Photo size question.

Discussion in 'Photography Beginners' Forum' started by KPak1984, Sep 29, 2008.

  1. KPak1984

    KPak1984 TPF Noob!

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    Hello everyone! I wanted to know if I'm supposed to be changing the sizes of my photos? For instance, I will take a photo and the size will be 3168 X 2376. When I photoshop it, am I supposed to be changing the size smaller? Keeping photos the original size will take up lots of room in the computer will it not? Am I supposed to edit and keep original size? I'm a bit confused.

    thank you
    Kim-
     
  2. tirediron

    tirediron Watch the Birdy! Staff Member Supporting Member

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    There are a whole bunch of factors involved here which I'll get to in a moment, but let me start off by saying that unless storage space is absolutely critical, never, ever, ever, and I do mean never mess with your original images. If you're shooting in .jpg, then make a copy of them and work with that. If you're shooting RAW, make your initial adjustments, save as .tif or .jpg and work from there.

    Anyway, to get into this a little more deeply, "image size" has a number of different meanings. First off there's the size in memory which is what I think you're concerned about. If you're shooting .jpg, a 6mp camera will generally turn in best quality .jpgs that are about 3-5 Mb in size and a 12mp camera will produce 6-8Mb large/fine .jpgs. RAW files are significantly larger (20+Mb for a 12Mp camera) but contain much more information, and allow you greater lattitude in your post-processing.

    Display dimensions (That's the 3168x2376 you mentioned in your post) have little relation to size in memory, but everything to do with the size the image is displayed at on your computer or printed at. That dimension rempresents the number of pixels in the image, that is, it was taken with a camera whose sensor has a sensor 3,168 pixels wide, and 2,376 pixels high.

    There are two different, and often confused (and somewhat interchangable) units of measurement that relate to display size. One is Pixels Per Inch (PPI) and the other is Dots Per Inch (DPI). PPI relates to how the image is displayed on your computer screen and DPI to how the quality of a printed image. Typically .jpg images are interpreted as 75PPI, while photo-quality printing is done at 300DPI (although you can go as low as 240DPI and get acceptable results) which is why an image that prints out at say 8x10 will appear huge on your monitor.

    So, assuming that all makes sense, here's what I do: I download all of my RAW images (I always shoot RAW) to my hard drive, go through and weed out any immediate dogs. Then I go through a second time and mark all those that I think are worth post-processing. Now I fire up my RAW handler and do my initial corrections on each image and save it as a .tif file in a separate directory. Now I run the tif files through PhotoShop and the first step I make is to crop them to whatever printed size I want (usually 8x10 or 5x7) do any other corrections and save as a .jpg in a third directory. When I crop the images, that will change their dimensions (and to a limited extent their file size). Assuming that I want an 8x10 at 300DPI, the final image size will be 2400x3000 (8x300=2400...).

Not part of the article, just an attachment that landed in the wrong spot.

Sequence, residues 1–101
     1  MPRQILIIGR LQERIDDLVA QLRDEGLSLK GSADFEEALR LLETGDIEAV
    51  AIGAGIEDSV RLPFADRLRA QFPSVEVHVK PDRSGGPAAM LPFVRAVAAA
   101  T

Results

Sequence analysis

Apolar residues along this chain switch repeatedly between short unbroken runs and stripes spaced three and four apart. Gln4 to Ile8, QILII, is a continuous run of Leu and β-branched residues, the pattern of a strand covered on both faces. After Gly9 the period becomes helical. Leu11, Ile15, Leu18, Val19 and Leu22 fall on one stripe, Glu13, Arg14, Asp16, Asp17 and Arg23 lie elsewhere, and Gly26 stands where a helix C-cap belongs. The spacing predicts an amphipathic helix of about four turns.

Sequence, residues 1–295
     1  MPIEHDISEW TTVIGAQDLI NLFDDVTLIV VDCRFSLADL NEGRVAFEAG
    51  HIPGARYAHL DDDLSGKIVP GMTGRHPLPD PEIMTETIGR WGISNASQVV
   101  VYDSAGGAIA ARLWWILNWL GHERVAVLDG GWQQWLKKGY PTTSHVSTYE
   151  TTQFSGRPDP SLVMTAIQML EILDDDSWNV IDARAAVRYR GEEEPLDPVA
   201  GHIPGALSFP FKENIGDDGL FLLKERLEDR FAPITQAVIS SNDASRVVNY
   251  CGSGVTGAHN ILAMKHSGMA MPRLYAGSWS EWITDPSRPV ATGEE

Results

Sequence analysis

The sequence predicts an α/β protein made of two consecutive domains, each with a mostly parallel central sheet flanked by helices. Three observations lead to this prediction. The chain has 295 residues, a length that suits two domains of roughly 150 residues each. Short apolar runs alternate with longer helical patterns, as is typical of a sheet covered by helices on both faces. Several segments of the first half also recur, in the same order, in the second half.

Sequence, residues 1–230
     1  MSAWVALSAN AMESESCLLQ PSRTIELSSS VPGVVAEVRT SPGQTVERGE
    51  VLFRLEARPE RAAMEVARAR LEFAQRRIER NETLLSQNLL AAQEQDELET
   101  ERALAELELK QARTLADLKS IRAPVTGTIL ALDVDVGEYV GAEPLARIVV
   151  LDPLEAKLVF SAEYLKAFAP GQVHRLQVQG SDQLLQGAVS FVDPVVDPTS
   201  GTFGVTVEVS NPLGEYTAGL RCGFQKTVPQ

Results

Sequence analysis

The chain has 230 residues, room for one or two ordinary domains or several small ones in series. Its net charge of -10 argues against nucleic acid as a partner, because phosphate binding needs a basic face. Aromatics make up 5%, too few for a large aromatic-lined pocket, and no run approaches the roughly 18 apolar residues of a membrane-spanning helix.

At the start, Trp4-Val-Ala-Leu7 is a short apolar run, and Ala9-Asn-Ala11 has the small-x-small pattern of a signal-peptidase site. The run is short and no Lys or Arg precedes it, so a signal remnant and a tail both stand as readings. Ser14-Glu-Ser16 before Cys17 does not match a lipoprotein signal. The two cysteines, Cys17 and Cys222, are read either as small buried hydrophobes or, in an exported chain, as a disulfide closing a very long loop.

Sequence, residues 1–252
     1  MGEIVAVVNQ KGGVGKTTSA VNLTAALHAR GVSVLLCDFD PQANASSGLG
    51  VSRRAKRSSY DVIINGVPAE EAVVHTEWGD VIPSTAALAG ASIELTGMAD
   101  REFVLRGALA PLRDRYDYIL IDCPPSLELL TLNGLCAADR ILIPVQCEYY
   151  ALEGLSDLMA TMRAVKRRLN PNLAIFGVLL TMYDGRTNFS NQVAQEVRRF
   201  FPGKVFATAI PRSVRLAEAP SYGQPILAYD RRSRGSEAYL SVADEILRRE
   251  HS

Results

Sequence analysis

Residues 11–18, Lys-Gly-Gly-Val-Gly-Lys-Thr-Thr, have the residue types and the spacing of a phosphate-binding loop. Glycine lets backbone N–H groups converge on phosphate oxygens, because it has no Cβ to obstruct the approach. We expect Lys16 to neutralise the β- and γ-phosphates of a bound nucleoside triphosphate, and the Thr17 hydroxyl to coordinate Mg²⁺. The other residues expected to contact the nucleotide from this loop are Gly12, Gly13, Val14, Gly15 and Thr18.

Hope that helps.

    Just my $00.02 worth - your milage may vary.

    ~John
     
  3. KPak1984

    KPak1984 TPF Noob!

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    So since i shoot in .jpg i should edit w. photoshop and keep the original size, but if i want to print a hard copy then i should shrink the document size in photoshop to 8X10 , 5X7 etc?
     
  4. tirediron

    tirediron Watch the Birdy! Staff Member Supporting Member

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    Always keep an original, untouched copy of your image and edit a copy, yes.

    Don't think of cropping as shrinking your image, but rather as assigning a final size to it. You may have to remove almost nothing from an image to produce an 8x10 print. You can also print the entire image as a 4x5. In that case, rather than 300 DPI, it might five or six hundred DPI; more is better to a point. Once you've cropped an image to it's final size, that information will be written into the image header, and it should print correctly from nearly any standard image-editing application.

    The best way to understand this is to play with it. Open an image in PhotoShop, select the crop tool (The one that looks like two 'L's), enter dimensions you might want to print the image at, and move the crop guides around with your mouse to see how it works. Experiment with different dimensions so that you get an idea of how the different print sizes affect your image.
     
  5. djacobox372

    djacobox372 No longer a newbie, moving up!

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    Storage space is cheap these days, a typical computer hard drive could hold over 100,000 high resolution photos before space is even a concern.
     
  6. mrodgers

    mrodgers No longer a newbie, moving up!

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    Stating something is cheap is a giant pet peeve of mine. Inexpensiveness and expensiveness are directly related to the individual.

    And not everyone uses a computer strictly for photography. Many have music, videos, many different programs, games, etc on their computers. Believe it or not, I had to do some extensive cleaning on my computer because when I reached about 3000 images from my camera, I ran out of space on my 330 GB worth of hard drive space.
     

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